For months, I’ve expressed optimism on China’s slow-n-steady approach to providing measured stimulus to its economy. Rather than drastically cut interest rates or entertain unconventional bond-buying measures like their central bank counterparts in the developed world, China’s leadership allowed its slowdown to play itself out.
The result? China’s manufacturing gauge (PMI) indicated that the segment expanded for the first time in three months. Additionally, we have seen several months of improvements in manufacturing activity, suggesting that contraction has run its course.
In “Three ETF Categories That Are Not Afraid Of The Big Bad Cliff,” I highlighted three investment areas to target, in spite of the well-documented fiscal headwinds in the United States. Granted, the negotiations in a lame-duck Congress could get hairy. Yet the fear and loathing for elected officials should also present dip-buying opportunities for owning Asian Neighbor ETFs; they are benefiting immensely from stabilization in the world’s 2nd largest economy.
That said, sensible diversification requires other asset groupings that are less tied to global economic cycles. One can use the same dips to pursue a dividend income stream from high yielding assets. Not just any high yielder, but those individual positions or funds with a “5/5 plan.”
In essence, a 5/5 plan is a¬†valuation metric that many investment advisers use to find a potential portfolio fit. We often look for investments with a 5% dividend yield and a 5% dividend growth rate.
Unfortunately, this type of asset is extremely difficult to find in the largest corporations worldwide. Smaller entities like individual pipeline partnerships and individual real estate investment trusts can get there. Investors can consider things like Boardwalk Pipeline Partners (BWP) and Health Care REIT (HCN).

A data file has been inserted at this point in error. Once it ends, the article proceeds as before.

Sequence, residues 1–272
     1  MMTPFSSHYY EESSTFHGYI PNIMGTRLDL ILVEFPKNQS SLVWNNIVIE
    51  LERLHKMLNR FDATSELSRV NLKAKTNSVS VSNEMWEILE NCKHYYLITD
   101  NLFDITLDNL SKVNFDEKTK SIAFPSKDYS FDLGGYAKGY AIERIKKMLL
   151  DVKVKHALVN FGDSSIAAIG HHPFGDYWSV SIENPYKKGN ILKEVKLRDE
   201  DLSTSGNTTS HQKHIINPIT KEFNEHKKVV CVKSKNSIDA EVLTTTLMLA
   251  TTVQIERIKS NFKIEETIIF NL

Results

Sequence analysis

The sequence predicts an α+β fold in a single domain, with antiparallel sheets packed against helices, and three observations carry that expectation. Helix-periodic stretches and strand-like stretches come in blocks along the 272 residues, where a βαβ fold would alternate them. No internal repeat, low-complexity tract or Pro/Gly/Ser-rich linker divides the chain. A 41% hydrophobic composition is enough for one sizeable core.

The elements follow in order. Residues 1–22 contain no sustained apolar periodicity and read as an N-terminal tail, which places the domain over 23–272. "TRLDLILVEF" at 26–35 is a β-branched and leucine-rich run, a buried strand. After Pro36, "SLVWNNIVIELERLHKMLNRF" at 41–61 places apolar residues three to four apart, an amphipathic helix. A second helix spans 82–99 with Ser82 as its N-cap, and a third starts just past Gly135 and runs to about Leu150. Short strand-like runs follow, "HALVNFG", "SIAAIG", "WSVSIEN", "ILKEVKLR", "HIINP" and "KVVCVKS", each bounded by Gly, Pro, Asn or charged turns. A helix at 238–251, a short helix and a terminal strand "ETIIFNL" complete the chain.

Yet the volatility in the individual securities may make some investors skittish. What’s more, while I have been a long-time fan of exchange-traded vehicles dedicated to the pipeline partnership arena, there are a number of drawbacks that should give one pause for concern.
That brings us back to dividend stocks of the largest companies in the world.¬†If there are precious few with the ability to generate the requisite 5%¬†yield and a 5% dividend growth rate, why am I still taking about it? For one thing, a continuation of the market pullback could open up a number of opportunities. Secondly, there is a Sector ETF that is currently approaching the desired criteria.
The iShares Global Telecom Fund (IXP) has had modest success in 2012; downside pressure is due in large part to foreign exposure, particularly in Spain. Yet the dividend yield is roughly 4.75% and its constituents have the capacity to raise their dividends annually. Moreover, with a three-year beta of a mere 0.66, the volatility is a fraction of prominent benchmarks like the S&P 500 or the MSCI All-World Index.
The iShares Global Telecom Fund (IXP) has shown¬†relative weakness since the S&P 500 hit multi-year highs back on September 14. In addition, IXP did not find support at its 50-day moving average and is approximately -5% below its recent peak.
Nevertheless, a pullback to the 200-day trendline may prove to be an ideal entry point for dividend investors. Indeed, the income can be counted on with less volatility than world stock benchmarks and at a price discount between 7% and 10%.